Congress needed on water, power

Getty Images

By now most people are all too familiar with the extended drought in the American Southwest. Pictures of wildfires in California, decimated agricultural lands and the effects of a diminishing water supply regularly make the news. What most people might not know, yet just as devastating, is the potential effect of the 14-year drought in the Colorado River basin on the Southwest’s energy supply.

Hydropower facilities and thermoelectric power plants rely on a rushing Colorado River to provide the more than 19,200 megawatts of power that facilitates the energy needs of individuals and industry across the West. This power could be in jeopardy as reservoir and river levels dip to historic lows. Lake Mead is currently at 39 percent capacity.

ADVERTISEMENT
Changes in water supply directly affect power systems in the West, and we watch closely as low water levels in Lake Mead could have an impact on the amount of energy generated from the Hoover Dam. On the other side of the coin, energy is needed to transport and treat water throughout the West, especially in California, where 20 percent of the state’s energy use is for water-related purposes.

This pivotal subject of the water-energy nexus was well covered at the recent Business of Water 2.0 summit in Las Vegas, hosted by business coalition Protect the Flows. The summit attracted a roster of influential speakers, including Senate Majority Leader Harry ReidHarry ReidHispanic Caucus PAC looks to flex its muscles in 2016 Say NO to PROMESA, say NO to Washington overreach Overnight Finance: Wall Street awaits Brexit result | Clinton touts biz support | New threat to Puerto Rico bill? | Dodd, Frank hit back MORE (D-Nev.), and more than 150 corporations, water agencies and business associations, including General Electric Water & Process Technologies, all laser-focused on sustainable water management in the face of limited water supplies.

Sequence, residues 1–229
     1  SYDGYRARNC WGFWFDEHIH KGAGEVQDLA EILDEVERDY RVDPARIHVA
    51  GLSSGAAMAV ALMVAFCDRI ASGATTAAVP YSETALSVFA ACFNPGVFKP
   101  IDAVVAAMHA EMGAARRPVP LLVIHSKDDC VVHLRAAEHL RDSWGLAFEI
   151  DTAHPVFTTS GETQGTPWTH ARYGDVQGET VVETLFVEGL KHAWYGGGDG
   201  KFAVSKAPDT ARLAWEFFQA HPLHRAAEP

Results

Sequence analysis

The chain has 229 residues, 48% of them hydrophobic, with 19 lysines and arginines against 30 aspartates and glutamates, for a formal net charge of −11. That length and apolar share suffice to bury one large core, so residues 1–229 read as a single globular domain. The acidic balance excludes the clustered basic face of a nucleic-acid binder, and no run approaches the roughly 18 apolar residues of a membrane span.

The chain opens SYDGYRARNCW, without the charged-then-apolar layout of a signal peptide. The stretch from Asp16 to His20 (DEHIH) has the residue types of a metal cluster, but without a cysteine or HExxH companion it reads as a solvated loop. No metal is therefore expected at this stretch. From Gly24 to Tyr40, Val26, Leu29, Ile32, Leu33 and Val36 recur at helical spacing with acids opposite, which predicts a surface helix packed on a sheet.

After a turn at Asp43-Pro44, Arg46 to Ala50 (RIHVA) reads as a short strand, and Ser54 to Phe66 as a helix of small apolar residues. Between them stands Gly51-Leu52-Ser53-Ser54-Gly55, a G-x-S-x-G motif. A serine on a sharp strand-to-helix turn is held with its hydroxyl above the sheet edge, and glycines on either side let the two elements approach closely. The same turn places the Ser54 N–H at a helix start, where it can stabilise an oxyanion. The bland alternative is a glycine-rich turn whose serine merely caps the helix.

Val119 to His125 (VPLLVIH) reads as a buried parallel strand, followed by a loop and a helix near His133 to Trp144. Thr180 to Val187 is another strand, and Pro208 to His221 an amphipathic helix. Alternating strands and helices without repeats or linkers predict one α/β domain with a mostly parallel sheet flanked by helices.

Despite the troubling low water levels in the Colorado River basin, I am enthused about the role business innovation and technology can play in addressing the Southwest’s water and energy challenges. Many companies highlighted what they are doing to capitalize on reuse situations in their respective industries. GE presented its achievements related to our Ecomagination water goals, where we have reduced freshwater use by 45 percent since 2006 and have implemented energy efficiency wastewater treatment technologies that allow water to be reused in the Las Vegas area and across the globe.

But to make a lasting impact on effective water management solutions, businesses must also address the need for key elected officials to advance sustainable water policy that focuses on incentivizing water innovation, efficiency and conservation. We can’t do it alone. We absolutely need Congress, federal and state officials and other decision-makers to help us innovate and drive water-saving technologies. As we strive to “do more with less,” we look around and see policy and regulatory barriers that still exist, disincentives for more efficient use of water and the use of more recycled water. And planning between the energy and water sectors remains disconnected, despite the close interdependence of the two.

We ask that water policy decision-makers at all levels support us in our efforts to reduce water consumption in all phases of our businesses. With the right incentives and investments in decisions and planning, we know that the complexities of energy and water can be properly addressed, allowing the business sector to thrive in this new environment and make life easier and more rewarding for the customers we serve.

Freedman is Global Government Affairs Leader for GE Water & Process Technologies. He monitors and shapes domestic and international water policies and helps GE Power & Water develop technology collaborations with government entities.